Integers A set can contain integers, strings, or any type of elements that can be hashed.
Python program that creates set from list
# Create a set from this list. # ... Duplicates are ignored. numbers = set([10, 20, 20, 30, 40, 50]) print(numbers)
{40, 10, 20, 50, 30}
Subset, superset. In set theory, we determine relations between sets of elements. And with the Python set type, we can compute these with built-in methods.
Here In this program, we introduce two sets. The method results depend on the numbers in the sets.
Is subset This returns true in the program because numbers2 is a subset of numbers1.
Is superset This method also returns true in this program. Numbers1 is a superset of numbers2.
Intersection This method returns a new set that contains just the shared numbers. Other values are omitted.
Python program that uses set methods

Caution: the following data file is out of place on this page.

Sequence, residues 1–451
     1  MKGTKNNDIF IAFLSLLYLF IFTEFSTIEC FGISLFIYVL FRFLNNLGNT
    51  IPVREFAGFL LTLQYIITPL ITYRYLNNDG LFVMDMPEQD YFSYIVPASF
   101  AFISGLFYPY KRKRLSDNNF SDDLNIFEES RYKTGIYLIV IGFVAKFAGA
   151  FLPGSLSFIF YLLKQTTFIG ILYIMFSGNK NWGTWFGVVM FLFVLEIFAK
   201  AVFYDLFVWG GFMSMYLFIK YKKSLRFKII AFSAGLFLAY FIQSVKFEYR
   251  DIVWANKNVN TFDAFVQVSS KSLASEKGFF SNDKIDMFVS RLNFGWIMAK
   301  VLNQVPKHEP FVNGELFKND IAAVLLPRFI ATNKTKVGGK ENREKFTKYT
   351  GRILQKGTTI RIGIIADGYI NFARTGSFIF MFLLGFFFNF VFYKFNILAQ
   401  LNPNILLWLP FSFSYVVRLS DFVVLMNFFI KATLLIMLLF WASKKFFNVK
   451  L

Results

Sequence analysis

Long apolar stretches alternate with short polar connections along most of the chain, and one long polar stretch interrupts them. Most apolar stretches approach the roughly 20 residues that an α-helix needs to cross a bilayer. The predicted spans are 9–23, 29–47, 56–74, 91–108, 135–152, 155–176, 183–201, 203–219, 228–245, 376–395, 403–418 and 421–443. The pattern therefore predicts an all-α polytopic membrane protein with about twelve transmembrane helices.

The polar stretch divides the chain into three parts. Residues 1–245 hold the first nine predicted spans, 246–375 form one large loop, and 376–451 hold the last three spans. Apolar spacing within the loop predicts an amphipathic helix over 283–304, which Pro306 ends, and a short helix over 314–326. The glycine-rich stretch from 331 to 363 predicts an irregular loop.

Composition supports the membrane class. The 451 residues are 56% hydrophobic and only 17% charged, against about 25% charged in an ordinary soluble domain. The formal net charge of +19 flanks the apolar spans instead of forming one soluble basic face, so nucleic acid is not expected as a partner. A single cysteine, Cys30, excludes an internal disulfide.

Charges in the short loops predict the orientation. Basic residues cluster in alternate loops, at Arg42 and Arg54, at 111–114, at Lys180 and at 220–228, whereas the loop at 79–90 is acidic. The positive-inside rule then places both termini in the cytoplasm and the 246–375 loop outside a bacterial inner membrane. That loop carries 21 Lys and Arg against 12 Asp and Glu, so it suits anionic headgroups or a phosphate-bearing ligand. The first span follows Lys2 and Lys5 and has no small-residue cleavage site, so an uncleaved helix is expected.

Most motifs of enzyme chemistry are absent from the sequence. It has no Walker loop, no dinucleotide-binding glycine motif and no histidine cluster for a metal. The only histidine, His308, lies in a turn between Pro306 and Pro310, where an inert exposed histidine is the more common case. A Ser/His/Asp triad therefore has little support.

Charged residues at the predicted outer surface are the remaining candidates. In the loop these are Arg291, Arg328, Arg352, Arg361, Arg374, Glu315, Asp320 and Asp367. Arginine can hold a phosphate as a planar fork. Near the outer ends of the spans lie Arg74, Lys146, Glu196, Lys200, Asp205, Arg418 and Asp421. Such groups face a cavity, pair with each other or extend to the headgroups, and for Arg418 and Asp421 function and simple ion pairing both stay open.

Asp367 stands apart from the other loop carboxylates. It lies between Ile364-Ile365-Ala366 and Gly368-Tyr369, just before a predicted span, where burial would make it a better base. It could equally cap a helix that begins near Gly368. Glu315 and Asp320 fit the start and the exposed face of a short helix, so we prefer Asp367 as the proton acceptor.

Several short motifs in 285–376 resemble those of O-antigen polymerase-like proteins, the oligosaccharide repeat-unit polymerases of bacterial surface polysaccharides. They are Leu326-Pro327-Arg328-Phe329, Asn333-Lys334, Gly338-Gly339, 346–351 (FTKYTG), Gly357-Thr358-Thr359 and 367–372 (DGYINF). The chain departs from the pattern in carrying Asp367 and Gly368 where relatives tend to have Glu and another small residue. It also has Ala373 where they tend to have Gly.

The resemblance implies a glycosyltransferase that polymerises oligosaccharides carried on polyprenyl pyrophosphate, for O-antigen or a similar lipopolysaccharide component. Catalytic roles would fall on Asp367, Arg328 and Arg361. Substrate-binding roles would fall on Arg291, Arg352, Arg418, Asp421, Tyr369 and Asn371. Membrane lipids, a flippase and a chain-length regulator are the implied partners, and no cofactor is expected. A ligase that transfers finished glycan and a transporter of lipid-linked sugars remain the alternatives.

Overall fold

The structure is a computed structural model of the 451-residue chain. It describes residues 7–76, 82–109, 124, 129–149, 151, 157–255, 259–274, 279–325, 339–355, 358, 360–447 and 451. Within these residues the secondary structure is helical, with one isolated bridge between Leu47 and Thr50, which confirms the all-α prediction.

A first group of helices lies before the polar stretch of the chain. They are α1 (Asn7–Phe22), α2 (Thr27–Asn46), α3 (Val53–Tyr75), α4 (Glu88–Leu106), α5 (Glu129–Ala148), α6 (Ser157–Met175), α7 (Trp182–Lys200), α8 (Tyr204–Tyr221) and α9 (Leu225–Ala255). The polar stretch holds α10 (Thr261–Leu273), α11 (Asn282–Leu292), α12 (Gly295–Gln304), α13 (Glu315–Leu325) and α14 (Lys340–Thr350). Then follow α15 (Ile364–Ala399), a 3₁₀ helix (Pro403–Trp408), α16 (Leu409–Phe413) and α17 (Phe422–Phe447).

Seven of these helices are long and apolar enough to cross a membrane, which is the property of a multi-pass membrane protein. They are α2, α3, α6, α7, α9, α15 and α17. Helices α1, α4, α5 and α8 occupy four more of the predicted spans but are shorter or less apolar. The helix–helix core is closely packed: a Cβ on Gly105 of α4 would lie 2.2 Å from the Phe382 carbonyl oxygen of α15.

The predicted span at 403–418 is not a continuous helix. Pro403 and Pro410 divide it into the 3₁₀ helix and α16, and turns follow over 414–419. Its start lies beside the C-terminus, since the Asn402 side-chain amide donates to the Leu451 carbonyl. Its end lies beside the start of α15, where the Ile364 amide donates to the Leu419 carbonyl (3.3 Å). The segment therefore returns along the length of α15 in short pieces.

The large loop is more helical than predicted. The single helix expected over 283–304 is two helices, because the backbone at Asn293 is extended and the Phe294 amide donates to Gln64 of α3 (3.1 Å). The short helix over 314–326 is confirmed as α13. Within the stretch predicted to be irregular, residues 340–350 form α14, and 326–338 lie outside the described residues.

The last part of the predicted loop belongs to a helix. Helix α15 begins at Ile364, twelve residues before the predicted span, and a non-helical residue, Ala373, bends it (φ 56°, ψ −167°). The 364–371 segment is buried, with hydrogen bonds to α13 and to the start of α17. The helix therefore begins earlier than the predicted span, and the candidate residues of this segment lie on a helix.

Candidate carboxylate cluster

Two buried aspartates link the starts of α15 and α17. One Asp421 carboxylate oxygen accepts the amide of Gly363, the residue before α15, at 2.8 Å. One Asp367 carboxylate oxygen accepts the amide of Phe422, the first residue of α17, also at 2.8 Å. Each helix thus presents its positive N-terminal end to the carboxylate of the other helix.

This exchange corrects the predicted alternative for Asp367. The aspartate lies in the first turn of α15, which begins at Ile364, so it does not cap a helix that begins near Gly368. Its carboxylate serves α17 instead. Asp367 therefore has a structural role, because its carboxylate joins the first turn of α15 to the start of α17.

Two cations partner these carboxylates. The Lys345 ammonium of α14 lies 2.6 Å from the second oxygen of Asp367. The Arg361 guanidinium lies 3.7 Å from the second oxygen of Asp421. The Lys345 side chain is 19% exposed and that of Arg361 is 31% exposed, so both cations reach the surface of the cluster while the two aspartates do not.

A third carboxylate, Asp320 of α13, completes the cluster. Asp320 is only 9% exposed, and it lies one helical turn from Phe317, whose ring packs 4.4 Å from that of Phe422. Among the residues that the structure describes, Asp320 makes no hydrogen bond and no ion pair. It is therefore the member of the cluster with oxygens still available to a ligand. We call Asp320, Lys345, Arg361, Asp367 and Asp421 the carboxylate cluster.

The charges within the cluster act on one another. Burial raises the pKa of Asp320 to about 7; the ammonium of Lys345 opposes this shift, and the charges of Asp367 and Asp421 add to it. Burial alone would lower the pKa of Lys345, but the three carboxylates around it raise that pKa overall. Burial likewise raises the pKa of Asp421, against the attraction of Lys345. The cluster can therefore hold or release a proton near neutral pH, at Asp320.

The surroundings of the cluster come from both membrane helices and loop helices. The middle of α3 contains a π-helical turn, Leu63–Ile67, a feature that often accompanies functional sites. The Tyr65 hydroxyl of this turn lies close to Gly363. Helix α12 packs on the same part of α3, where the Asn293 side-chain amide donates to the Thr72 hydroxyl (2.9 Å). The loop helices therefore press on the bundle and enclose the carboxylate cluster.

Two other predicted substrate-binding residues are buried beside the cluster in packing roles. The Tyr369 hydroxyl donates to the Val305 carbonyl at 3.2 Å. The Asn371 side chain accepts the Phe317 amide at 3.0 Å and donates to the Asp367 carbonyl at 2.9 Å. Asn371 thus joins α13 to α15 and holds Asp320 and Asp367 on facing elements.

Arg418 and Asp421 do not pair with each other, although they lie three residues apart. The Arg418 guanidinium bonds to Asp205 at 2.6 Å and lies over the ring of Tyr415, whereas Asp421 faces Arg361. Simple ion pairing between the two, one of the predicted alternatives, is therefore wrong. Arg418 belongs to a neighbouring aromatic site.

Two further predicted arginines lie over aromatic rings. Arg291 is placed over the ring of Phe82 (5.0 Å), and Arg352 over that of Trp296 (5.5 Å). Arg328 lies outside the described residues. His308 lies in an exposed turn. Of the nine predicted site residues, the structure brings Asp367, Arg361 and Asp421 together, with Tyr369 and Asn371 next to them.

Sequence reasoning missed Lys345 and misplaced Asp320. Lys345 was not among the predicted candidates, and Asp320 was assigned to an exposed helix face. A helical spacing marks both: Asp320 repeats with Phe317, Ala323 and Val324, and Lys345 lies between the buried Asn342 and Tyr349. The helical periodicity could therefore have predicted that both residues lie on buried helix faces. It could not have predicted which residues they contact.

numbers1 = {1, 3, 5, 7} numbers2 = {1, 3} # Is subset. if numbers2.issubset(numbers1): print("Is a subset") # Is superset. if numbers1.issuperset(numbers2): print("Is a superset") # Intersection of the two sets. print(numbers1.intersection(numbers2))
Is a subset Is a superset {1, 3}
Union. Another set operation that is available is union(). This combines two sets. Any element in either set is retained in the return value of union. But duplicates are eliminated.
Here In the program, the sets each contained a 3, but the union method returns a set with just one 3.
Python program that unions two sets
# Two sets. set1 = {1, 2, 3} set2 = {6, 5, 4, 3} # Union the sets. set3 = set1.union(set2) print(set3)
{1, 2, 3, 4, 5, 6}
Subtract, difference. A set can be subtracted from another set. The difference() method is used in this case. The syntax that is clearer is the best choice.
Tip Subtracting sets is not something I do every day. For this reason, I would prefer difference() to make the operation explicit.